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Austin Cline

What's a Bieber? Answer: A Misogynist Christian

By March 2, 2011

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If you too have had trouble answering the question "What's a Bieber," it turns out the answer is surprisingly simple: a misogynist Christian. So, nothing very special or unusual I guess. In a recent Rolling Stone interview, Justin Bieber reveals depressingly common, conservative Christian views about the rights and autonomy of others: homosexuality is just a "choice" and abortion is always wrong, even in cases of rape.

When asked what his views on homosexuality are, Bieber responded: "It's everyone's own decision to do that. It doesn't affect me and shouldn't affect anyone else." It is not clear whether he intended to label homosexuality as a lifestyle choice.

In his interview with Rolling Stone magazine, Bieber went on to say "I think you should just wait for the person you're ... in love with," when asked about abstinence. Despite his strong Christian background he did not argue against pre-martial sex.

"I really don't believe in abortion," he told the magazine "I think [an embryo] is a human. It's like killing a baby." He added that while it is "really sad" for a woman to become pregnant after being raped, he claimed that "everything happens for a reason."

"I don't know how that would be a reason," he added. "I guess I haven't been in that position, so I wouldn't be able to judge that."

Source: Pink News

So if homosexuality is just a "choice," does this mean that Justin Bieber has to "choose' to be heterosexual? Is it a "choice" he struggles with, perhaps on a daily basis? Is homosexuality something he finds himself regularly drawn to, forcing him to reaffirm and reassert a heterosexual "choice"? It seems to me that the more one insists that being gay is a "choice," they more they are saying that heterosexuality is a "choice" -- and in particular, one they find they have to make over and over in order to avoid homosexuality.

If abortion is "killing a baby," even in cases of rape, then isn't it still "killing a baby" in cases where the mother's life is in danger? Justin Bieber reveals a bit more ideological consistency than many anti-choice activists, but refusing to allow abortion even when the mother's life is in danger is the most consistent stance for such misogynists. It's the logical conclusion when you try to claim that it's "murder" for a person to make their own decisions about who or what will use their body and organs.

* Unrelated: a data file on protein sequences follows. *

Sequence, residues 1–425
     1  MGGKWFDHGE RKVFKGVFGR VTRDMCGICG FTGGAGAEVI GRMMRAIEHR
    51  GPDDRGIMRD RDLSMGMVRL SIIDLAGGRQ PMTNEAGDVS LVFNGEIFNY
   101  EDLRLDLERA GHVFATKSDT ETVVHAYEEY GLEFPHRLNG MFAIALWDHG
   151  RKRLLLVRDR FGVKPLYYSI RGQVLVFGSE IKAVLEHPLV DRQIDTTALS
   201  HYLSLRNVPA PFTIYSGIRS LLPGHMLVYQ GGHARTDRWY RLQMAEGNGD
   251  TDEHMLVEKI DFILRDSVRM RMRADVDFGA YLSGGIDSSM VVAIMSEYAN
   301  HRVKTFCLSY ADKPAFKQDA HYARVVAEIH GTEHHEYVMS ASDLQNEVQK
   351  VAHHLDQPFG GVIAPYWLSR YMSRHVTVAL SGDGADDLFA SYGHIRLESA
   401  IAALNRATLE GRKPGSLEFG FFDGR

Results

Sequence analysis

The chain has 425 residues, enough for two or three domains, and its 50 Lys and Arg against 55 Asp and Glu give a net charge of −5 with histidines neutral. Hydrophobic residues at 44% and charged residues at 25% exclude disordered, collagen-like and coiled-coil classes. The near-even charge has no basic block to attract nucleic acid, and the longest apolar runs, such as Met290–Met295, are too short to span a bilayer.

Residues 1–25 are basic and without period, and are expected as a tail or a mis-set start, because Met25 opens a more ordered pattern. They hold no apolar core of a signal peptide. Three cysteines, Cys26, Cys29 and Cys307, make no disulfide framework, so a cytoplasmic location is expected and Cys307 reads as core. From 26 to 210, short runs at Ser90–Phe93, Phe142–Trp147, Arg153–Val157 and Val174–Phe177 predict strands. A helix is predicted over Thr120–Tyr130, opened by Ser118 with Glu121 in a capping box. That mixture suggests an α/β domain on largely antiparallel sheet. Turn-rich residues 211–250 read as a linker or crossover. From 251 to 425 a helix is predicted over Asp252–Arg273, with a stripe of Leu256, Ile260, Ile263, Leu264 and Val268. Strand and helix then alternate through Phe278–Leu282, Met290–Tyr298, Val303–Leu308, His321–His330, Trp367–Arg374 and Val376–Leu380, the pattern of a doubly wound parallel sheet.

I don't think it's a coincidence that both of the above issues revolve around "choice" -- and in particular, the desire to deny others the ability to make choices about their lives. What sort of society is it where we deny people the ability to make autonomous choices on the basis of ancient religious dogma? Oh, yeah, it's called a "theocracy." I guess we can add "theocrat" to our answer to the question "What's a Bieber?"

Comments
March 2, 2011 at 12:15 pm
(1) Marshall says:

Good article up until the final paragraph where it is asserted both issues are related to choice and that people’s ability to make choices is repressed. The author took umbrage with saying homosexuality is a choice and then proceeds to take umbrage that we don’t let people choose. The first stance is the more positive one. Homosexuality is not a choice and the author points that out but then goes back on it. Please maintain consistency.

March 2, 2011 at 4:09 pm
(2) Austin Cline says:

The author took umbrage with saying homosexuality is a choice and then proceeds to take umbrage that we don’t let people choose.

That’s not quite correct. I disagree that it is a choice, but I am able to recognize that those who say it is a choice also want to deny people the ability to choose. And I am also able to recognize that the other big issue for the exact same group happens to be one where they want to take away the ability to choose.

There’s no inconsistency there.

March 2, 2011 at 12:42 pm
(3) Ramease Shaw says:

You know what I’ve decided your right… we’re going to abort you because your using my eyes to read your blather. As far as homo/hetero sexuality… yes it is a choice either way. The only reason homosexuals may have to fight with their attraction is because it is still widely unaccepted. According to history most cultures did practice homosexuality and sex with women was primarily for procreation.

March 2, 2011 at 4:07 pm
(4) Austin Cline says: